Oh no! We may not fully support the browser or device software you are using !
To experience our site in the best way possible, please update your browser or device software, or move over to another browser.
We all know how important it is to save for retirement; and many of us work hard to contribute as much as we can. The inflation has left many strapped for cash and you may be tempted to reduce the amount of your contribution. But if you can hold on, You will be able to ride through this and continue growing your account.
Since personal retirement accounts were first created in the 1970s and 80s, the government has approved a broad range of these accounts, with differing contribution levels and eligibility requirements. Over the years, too, the IRS has helped to further popularize them with additional tax deductions, enhanced tax-deferred status, and more.
The IRS also makes annual cost-of-living adjustments that can affect the deductibility and limits of contribution. The changes take effect on January 1 each year.
Increased contribution limits
Perhaps the most exciting change for 2022 is the increased contributions you can make this year.
If you participate in a 401(k), 403(b), the federal government's Thrift Savings Plan, as well as most 457 plans, your maximum annual contribution increased by $500, from $19,500 to $20,500. In addition, the contribution for SIMPLE retirement accounts also increased $500 for the year, from $13,500 to $14,000. The catch-up contributions for those 50 or older remains $6,500.
Despite these increases, traditional IRA contribution levels have not changed. The annual contribution to a traditional IRA stands at $6,000, while the catch-up contribution for those 50 and over also remains unchanged at $1,000.
Increased deductible limits
Perhaps even more exciting are the increases in income levels that determine which plans you’re eligible for and how much of your contribution may be tax-deductible. The cost-of-living adjustments for 2022 now mean more people may be able to deduct contributions to a traditional IRA, to contribute to a Roth IRA, and to claim the Saver’s Credit.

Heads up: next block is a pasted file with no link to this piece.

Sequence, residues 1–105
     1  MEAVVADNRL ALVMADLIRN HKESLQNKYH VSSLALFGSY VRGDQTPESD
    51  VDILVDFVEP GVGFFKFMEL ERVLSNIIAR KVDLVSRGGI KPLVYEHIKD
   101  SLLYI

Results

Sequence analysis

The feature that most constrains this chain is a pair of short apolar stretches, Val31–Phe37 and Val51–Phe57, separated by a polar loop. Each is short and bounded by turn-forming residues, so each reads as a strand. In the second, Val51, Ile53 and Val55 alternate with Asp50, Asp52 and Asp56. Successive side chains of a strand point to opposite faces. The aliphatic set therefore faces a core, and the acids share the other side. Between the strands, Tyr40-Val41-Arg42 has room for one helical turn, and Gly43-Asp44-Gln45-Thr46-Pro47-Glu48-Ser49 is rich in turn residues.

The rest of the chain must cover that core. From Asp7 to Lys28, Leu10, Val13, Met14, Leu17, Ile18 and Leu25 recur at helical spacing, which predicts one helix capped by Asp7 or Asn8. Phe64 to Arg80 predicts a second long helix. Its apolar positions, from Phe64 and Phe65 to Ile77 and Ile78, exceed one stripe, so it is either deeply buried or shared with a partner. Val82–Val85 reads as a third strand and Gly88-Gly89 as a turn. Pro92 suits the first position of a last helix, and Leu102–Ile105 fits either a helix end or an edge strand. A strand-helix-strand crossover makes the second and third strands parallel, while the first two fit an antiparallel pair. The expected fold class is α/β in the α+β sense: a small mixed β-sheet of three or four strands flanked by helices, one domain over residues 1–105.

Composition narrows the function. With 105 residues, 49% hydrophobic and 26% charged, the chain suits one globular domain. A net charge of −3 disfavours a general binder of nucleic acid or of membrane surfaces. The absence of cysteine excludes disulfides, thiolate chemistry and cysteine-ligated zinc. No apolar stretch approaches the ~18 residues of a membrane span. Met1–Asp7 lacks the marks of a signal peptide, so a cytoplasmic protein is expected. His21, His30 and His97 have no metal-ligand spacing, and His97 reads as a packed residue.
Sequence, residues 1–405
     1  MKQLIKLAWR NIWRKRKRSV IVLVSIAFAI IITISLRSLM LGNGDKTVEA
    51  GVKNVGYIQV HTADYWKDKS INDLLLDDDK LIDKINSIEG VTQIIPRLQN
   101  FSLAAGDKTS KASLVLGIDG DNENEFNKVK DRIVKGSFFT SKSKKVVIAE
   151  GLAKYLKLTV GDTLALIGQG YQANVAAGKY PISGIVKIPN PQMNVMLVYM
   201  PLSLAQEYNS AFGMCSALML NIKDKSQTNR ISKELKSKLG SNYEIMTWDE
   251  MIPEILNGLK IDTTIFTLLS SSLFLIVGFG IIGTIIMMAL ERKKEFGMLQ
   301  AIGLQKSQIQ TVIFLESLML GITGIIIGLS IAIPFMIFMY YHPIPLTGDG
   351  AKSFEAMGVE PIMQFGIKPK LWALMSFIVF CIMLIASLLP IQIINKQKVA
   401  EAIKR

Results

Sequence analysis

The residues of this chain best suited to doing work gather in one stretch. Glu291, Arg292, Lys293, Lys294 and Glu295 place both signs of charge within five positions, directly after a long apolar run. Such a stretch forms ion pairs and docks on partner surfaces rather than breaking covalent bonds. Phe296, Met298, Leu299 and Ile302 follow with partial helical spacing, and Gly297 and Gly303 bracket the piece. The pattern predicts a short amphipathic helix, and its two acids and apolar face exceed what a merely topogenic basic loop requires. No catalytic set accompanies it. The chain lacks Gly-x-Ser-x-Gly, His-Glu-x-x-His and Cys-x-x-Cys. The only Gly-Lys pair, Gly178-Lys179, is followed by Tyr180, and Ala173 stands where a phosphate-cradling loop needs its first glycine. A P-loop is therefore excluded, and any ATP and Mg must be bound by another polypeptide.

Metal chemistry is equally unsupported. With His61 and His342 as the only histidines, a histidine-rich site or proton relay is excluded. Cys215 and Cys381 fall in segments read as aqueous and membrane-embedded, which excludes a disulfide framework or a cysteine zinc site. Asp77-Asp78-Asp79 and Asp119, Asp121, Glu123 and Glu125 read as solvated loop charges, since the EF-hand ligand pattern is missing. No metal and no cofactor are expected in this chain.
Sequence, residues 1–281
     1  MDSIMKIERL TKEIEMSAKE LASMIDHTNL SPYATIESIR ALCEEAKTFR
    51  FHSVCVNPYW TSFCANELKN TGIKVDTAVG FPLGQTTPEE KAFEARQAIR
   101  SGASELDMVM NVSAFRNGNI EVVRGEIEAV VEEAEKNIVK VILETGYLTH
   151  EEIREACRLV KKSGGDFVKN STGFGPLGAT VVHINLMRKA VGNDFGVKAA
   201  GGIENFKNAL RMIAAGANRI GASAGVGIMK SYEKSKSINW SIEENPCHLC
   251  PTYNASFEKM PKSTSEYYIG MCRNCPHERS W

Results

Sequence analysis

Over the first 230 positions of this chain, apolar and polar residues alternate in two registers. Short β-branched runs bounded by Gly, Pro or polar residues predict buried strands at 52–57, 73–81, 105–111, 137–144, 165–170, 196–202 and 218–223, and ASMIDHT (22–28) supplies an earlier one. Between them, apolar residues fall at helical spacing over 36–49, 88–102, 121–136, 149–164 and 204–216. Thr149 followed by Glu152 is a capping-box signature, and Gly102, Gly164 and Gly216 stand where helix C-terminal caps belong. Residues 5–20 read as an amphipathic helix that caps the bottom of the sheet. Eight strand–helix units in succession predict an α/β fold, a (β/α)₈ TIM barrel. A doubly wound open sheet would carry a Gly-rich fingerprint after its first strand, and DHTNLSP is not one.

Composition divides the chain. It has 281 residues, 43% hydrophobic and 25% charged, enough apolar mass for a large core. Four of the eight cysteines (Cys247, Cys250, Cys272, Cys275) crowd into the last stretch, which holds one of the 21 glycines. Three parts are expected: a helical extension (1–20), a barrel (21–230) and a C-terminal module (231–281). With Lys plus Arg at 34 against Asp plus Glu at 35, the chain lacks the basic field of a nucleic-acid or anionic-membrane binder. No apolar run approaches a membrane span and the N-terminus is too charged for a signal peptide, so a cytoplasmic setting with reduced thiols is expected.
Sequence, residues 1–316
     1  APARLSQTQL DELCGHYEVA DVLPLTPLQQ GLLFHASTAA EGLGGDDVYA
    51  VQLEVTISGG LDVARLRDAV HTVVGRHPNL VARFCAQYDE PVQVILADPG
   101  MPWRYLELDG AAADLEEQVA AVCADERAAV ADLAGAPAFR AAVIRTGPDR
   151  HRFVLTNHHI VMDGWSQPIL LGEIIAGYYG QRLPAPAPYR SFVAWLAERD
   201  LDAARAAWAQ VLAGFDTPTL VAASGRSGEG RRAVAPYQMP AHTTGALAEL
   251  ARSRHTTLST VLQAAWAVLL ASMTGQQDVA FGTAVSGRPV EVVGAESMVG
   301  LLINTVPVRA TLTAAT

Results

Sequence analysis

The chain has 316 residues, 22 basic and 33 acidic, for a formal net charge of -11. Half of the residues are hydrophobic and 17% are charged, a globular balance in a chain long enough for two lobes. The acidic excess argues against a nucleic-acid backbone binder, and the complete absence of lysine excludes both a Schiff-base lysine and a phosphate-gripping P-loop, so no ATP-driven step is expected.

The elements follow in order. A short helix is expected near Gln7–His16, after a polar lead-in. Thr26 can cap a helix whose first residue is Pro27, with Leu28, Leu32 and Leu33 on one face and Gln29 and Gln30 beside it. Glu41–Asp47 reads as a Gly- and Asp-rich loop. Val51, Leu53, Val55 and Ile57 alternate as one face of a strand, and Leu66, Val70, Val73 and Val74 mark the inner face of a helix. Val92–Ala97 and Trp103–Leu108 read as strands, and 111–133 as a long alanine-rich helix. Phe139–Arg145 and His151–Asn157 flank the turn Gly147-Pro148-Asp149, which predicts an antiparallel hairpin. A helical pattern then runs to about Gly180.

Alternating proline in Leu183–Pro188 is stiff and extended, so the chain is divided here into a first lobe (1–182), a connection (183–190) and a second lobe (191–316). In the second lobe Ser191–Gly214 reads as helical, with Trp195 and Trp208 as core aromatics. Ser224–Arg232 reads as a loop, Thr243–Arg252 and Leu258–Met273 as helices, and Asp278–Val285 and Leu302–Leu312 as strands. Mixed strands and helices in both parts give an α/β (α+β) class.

While you may be able to deduct your contributions to a traditional IRA, the amount you can deduct is determined by a number of factors. And that amount could be reduced or eliminated depending on your filing status, your income, and whether you (or your spouse) work for a company with a retirement plan. If neither of you has a plan through work, you can deduct the entire contribution to your traditional IRA. You can also deduct all or part of your contribution if you are covered by a workplace plan and your income is below a certain amount. For 2020, these income levels have increased.
- Single taxpayers with a workplace retirement plan will now see their IRA contributions phase out between $68,000 and $78,000.
- A spouse with a workplace plan and is married filing jointly will now see their IRA contributions phase out if their joint income is between $109,000 and $129,000.
- A spouse with no workplace plan who is married to a taxpayer with a workplace plan will now see their IRA deduction phased out if their joint income is between $204,000 and $214,000.
- A married taxpayer filing separately and covered by a workplace plan will not receive an annual cost of living adjustment. They will see their IRA deduction phased out between $0 and $10,000.
While a Roth IRA can be a viable retirement option for many people, your eligibility to open this account, or contribute at all, is strictly determined by income.
- Single taxpayers and heads of households will see their Roth IRA contributions phased out with income between $129,000 and $144,000.
- Married couples filing jointly will see their Roth IRA contributions phased out with income between $204,000 and $214,000.
- A married individual filing separately is not subject to an annual cost-of-living adjustment, and their Roth IRA contribution will phase out when their income is between $0 and $10,000.
The Saver’s Credit (also known as the Retirement Savings Contributions Credit) is a tax credit for low- and moderate-income workers to help encourage their participation in a variety of retirement plans. For 2022, the income levels for this credit have increased to $68,000 for married couples filing jointly; $51,000 for heads of household; and $34.000 for singles and married individuals filing separately.
Now more taxpayers can save more
By helping more taxpayers to be eligible to deduct their contributions, these cost-of-living adjustments should help more taxpayers continue to save for retirement. All while continuing to provide the tax break many of us depend on. All in all, these adjustments are a great thing for anyone saving for retirement.